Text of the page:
Miami Beach developer Russell Galbut’s vision for a lofty, grand entrance to South Beach ultimately did not pass muster with Mayor Philip Levine. Nonetheless, Galbut is proceeding with a scaled-down project now called the Wave; that’s just one of four names it has had since the developer five years ago finished assembling a four-block stretch from Ninth to Fifth streets between Alton Road and West Avenue with the $8 million purchase of various parking lots. Galbut’s firm Crescent Heights had bought the main site, including the shuttered South Shore Hospital, for $28 million in 2004.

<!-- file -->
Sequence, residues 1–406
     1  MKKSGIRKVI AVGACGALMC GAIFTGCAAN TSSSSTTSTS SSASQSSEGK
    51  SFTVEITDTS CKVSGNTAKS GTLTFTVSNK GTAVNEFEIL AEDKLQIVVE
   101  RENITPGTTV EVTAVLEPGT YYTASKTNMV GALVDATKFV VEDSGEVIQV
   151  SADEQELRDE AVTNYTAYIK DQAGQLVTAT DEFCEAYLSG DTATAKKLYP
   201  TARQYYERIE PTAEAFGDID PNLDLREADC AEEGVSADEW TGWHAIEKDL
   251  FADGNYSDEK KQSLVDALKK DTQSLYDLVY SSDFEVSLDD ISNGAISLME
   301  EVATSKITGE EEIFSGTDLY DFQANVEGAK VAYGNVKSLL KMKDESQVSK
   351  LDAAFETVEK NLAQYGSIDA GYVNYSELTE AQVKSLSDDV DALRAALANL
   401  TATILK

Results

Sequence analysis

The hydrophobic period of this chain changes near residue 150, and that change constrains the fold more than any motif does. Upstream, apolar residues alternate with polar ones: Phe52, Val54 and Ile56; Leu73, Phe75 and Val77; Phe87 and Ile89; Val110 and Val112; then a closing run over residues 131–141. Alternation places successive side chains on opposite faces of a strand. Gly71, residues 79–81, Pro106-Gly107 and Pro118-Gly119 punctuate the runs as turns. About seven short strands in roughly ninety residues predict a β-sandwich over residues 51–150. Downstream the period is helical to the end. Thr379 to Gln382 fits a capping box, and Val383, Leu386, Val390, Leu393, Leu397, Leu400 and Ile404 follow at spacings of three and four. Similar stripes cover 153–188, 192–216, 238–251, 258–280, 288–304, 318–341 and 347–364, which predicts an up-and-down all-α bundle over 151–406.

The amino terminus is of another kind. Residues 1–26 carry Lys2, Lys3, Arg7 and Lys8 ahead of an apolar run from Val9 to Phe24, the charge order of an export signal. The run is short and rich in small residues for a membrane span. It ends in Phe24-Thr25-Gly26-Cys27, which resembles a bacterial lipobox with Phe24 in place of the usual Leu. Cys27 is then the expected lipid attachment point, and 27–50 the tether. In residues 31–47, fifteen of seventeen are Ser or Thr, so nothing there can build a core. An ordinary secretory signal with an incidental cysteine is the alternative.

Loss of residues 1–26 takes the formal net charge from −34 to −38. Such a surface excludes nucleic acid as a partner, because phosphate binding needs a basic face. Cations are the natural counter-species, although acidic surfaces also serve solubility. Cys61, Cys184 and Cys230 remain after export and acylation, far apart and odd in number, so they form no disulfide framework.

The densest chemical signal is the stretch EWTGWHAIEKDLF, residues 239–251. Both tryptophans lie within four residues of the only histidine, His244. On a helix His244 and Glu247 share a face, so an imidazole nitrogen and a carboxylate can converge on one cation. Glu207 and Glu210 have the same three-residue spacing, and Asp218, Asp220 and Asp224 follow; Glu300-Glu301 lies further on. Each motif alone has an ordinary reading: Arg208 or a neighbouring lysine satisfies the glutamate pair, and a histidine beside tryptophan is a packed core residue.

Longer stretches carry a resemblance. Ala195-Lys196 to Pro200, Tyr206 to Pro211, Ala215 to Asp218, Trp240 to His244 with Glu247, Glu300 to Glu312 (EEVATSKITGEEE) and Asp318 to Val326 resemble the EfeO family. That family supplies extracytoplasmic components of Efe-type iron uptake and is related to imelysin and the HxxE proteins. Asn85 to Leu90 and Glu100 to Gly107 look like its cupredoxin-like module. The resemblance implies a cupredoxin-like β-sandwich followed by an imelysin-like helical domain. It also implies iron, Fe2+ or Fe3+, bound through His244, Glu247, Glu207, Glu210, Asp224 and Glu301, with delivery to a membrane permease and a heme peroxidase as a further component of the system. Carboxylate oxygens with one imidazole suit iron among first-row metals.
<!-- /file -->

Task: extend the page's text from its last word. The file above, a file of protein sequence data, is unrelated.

According to the city’s planning and zoning department, Crescent Heights has presented five proposals since 2012, referring to them alternately as the Wave, SoBe Park, 500 Alton Road and 600 Alton Road — and again the Wave earlier this year.
Back when the project was still called 500 Alton Road in 2014, Crescent Heights teamed up with the Related Group to propose a 50-story condo tower and an adjoining 3-acre public park from Fifth to Sixth streets. The 180-unit building would have been Miami Beach’s tallest structure and its condos would have been priced at about $1,200 a square foot. To sell his plan, Galbut said an artificial lake in the proposed park would capture and redirect stormwater from perennially flooded Alton Road.
But Levine didn’t buy in to this pairing of tower and park, forcing Galbut to abandon the plans. In email correspondence obtained by The Real Deal, the mayor referred to the project as “blatantly irresponsible development.”